Some Thoughts on TILE Partner Projects

Newton, Swinburne, Kirby: One of these things is not like the other?

TILE is a community-driven effort, with many partners. As one of those partners, my role, at least as I see it, is to provide use case scenarios that help guide the development of the TILE tools, to implement the tools in the context of some projects that we hope will provide challenging testing environments, and to provide feedback that will lead to evolution and improvement of the TILE tools. I have other roles and responsibilities in TILE, related to earlier phases of tool design, metadata modeling, and such, but the bringing the tools to bear on my various projects is to me the most interesting and exciting part of TILE.

The projects I bring to the table are The Chymistry of Isaac Newton, The Algernon Charles Swinburne Project, and Comic Book Markup Language (or, CBML). Three projects, one on early modern science; another on Victorian poetry, fiction, and criticism; and a third on twentieth-century popular culture. Three admittedly diverse research projects. Given the range of topics covered by these three projects, folks sometimes wonder, and sometimes ask, What the hell do these projects have to with one another? How do they cohere as part of a unified research agenda.

In this blog post, I’ll try to begin answering that question in a general sense and then look more specifically at what the projects, as a group, have to offer the TILE enterprise.

The larger research agenda is not about Newton, Swinburne, or Kirby. (That’s Jack Kirby, by the way, one of the most influential creators in the history of comics. Working at Marvel comics, along with Stan Lee, Kirby transformed the comic book industry in the 1960s with a new “Marvel method” of creative collaboration and the development of characters such as the Fantastic Four, the Hulk, the Avengers, and others.) The larger research agenda is about exploring the digital representation of complex documents, not just texts, but documents—manuscripts; printed books; comic books; the original, annotated artwork for comic books—documents in all their glorious materiality. The various, often fading and messy inks of Newton’s manuscripts that make us wonder when or if Newton is using his own recipe “To make excellent Ink.”

Newton's Excellent Ink

And then we have Swinburne’s poems. His Atalanta in Calydon, with a binding designed by Dante Gabriel Rossetti. The large blue foolscap paper on which Swinburne composed most of his works. The visual documents, artworks, by Whistler, Rossetti, and others, that inspired many of Swinburne’s poems (“Before the Mirror,” “A Christmas Carol“, “Hermaphroditus“). Comic books with their yellowed newsprint held together by rusty staples, the panels of artwork and word balloons and narrative captions, the Sea Monkey advertisements, and fan mail.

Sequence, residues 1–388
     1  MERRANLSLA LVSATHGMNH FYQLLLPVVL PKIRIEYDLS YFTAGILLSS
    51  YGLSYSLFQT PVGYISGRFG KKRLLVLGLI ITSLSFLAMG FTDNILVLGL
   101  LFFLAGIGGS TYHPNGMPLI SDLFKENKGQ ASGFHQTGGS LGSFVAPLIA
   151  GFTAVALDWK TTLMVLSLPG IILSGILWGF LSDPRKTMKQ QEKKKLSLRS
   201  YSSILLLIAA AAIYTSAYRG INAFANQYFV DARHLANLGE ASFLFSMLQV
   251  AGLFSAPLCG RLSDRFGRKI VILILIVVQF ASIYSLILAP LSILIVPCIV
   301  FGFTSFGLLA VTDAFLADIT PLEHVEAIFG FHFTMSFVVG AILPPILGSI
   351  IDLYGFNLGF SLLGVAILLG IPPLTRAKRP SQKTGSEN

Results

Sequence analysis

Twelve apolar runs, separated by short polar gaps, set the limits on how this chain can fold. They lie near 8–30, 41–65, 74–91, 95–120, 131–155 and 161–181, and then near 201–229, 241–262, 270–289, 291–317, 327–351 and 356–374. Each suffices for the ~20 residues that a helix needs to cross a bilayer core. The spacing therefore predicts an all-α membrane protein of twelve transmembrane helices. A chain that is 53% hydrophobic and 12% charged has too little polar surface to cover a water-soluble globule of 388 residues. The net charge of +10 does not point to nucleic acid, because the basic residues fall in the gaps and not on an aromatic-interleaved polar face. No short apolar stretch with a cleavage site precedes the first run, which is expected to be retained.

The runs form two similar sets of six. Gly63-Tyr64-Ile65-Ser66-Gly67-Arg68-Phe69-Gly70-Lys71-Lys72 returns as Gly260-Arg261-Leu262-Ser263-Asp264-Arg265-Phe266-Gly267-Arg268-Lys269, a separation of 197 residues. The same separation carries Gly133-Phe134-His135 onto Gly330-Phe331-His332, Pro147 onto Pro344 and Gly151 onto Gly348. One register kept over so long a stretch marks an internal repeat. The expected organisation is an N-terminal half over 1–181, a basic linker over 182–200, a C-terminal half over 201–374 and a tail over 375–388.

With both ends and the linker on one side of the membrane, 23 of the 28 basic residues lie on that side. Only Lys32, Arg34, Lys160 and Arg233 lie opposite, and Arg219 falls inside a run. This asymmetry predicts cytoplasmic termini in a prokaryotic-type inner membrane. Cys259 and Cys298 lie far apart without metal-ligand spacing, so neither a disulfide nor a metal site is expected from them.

sea monkeys advert

Any research into the many theoretical, technical, practical and other issues related to digital representations of complex document types would be seriously disadvantaged by a focus on a homogenous set of documents from any one particular historical period or genre. By examining 17th-century scientific manuscripts, 19th-century literary manuscripts and published books, and twentieth-century pop culture artifacts, I bring to the problem a reasonably diverse set of documents with a large and varied set of issues and challenges. And in the context of TILE, a Text and Image Linking Environment, these documents provide a rich suite of text-image relationships. In all cases, transcriptions of text need to be linked to facsimile page images. Newton’s manuscripts have additional graphic elements, in the form of alchemical symbols, diagrams, and Newton’s own pictorial illustrations. As mentioned above, Swinburne has poems inspired by visual art. Swinburne wrote a book-length study of Blake’s poetry, critical remarks on the Royal Academy Exhibition of 1868, “Notes on Designs of the Old Masters at Florence,” and a famous defense of Victorian artist Simeon Solomon. In these works, Swinburne’s texts share complex relationships with external, graphic documents. Comic books intricately weave together textual and graphic elements, and digital representation of these documents requires mechanisms to link these elements and describe the relationships.

Rich textual-graphic relationships are one feature shared by these diverse document types. Many documents in these three projects also share a richness of authorial and editorial annotation.

So with Newton, Swinburne, and CBML, we have three diverse projects being pursued under the umbrella of larger investigations into the issues related to representation of complex documents in digital space and in the context of larger, linked information environments. Our other TILE partner projects bring similarly complex documents. We hope this community of people and projects will provide a robust foundation on which to develop a widely usable suite of open source text-image linking tools.

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